Address: 1301 W. Cedar Street, Appleton, Wisconsin.
History: Alicia park was a gift to the city of Appleton from Alexander Reid in memory of his wife, Alice Conkey Reid. During the 1870's and 1880's Reid was editor of the Appleton Daily Post. He and his beloved Alice, the daughter of Theodore Conkey, an Appleton pioneer, lived on the beautifully wooded 14-acre site on the west end of town overlooking the Fox river.
Alexander was appointed consul to Ireland in 1889 and Alice went with him to Europe. Their time together in Europe was short as Alice became ill and died in Ireland, November 21, 1891. The grief-stricken Alexander brought her body back to Appleton for burial in Riverside Cemetery. Alexander returned briefly to Ireland but the burden of his loss was too great. He resigned his post early in 1892 and returned to Appleton where he spent the next few years in seclusion.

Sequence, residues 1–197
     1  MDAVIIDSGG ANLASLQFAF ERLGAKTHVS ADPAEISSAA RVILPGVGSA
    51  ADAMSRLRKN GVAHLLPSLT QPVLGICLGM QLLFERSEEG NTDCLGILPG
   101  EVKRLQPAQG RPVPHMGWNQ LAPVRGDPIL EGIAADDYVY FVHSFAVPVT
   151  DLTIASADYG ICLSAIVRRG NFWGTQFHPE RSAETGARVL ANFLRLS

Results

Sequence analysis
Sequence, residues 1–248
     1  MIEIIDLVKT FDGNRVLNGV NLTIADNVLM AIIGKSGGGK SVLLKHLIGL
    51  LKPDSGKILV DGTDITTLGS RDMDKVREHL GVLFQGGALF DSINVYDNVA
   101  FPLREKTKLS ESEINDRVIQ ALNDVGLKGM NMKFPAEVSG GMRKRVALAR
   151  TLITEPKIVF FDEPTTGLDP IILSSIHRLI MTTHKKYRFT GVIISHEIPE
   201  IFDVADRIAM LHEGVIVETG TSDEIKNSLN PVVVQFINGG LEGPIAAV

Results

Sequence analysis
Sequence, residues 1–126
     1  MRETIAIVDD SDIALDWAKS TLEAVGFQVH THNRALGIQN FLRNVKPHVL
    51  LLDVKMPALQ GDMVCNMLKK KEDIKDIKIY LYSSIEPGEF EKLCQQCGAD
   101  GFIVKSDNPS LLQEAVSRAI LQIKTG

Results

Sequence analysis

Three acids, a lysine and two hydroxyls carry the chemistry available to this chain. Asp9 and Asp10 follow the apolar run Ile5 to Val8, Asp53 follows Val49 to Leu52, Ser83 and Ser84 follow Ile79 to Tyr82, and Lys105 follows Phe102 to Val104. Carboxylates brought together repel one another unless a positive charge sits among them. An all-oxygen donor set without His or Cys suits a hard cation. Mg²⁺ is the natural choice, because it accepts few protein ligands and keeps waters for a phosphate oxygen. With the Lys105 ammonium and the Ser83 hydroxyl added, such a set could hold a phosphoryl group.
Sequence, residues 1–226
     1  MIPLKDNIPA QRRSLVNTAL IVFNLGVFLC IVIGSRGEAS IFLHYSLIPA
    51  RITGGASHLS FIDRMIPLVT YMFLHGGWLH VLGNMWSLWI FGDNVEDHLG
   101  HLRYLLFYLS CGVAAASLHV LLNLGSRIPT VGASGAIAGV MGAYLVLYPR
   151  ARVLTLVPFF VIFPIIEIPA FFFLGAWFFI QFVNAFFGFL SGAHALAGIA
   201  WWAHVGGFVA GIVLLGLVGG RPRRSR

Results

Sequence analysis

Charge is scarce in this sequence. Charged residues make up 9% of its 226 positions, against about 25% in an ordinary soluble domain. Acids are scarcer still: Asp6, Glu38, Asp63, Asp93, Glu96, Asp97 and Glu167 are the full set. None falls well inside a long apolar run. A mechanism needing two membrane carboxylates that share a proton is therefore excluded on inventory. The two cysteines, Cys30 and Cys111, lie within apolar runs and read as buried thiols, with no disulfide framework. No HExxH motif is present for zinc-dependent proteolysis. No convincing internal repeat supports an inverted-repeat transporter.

Alexander Reid died on January 18, 1910. In his will, he left the home and 14-acre estate to the city for park purposes with the stipulation that it be named "Alicia" after his wife and that her name and memory be kept alive in a permanent summer foliage display. The original Reid house burned down in 1923.
During the 1920's Alicia park was opened as a camp ground for visitors. A lengthy battle was fought during the summer of 1924 over the use of the park as a public camp ground. The newly reactivated park board questioned the legality of the camp ground, as the park was not being used by local citizens. The camp ground was closed that summer.
Also during the 1920's another portion of the park was turned into a children's zoo, complete with bears and traveling exhibits of smaller animals found in the state.
The memory of Alice Conkey Reid is still kept alive in the park in the flower bed to the left of the main drive where the plants spell out the name of "Alice."
Off Street Parking
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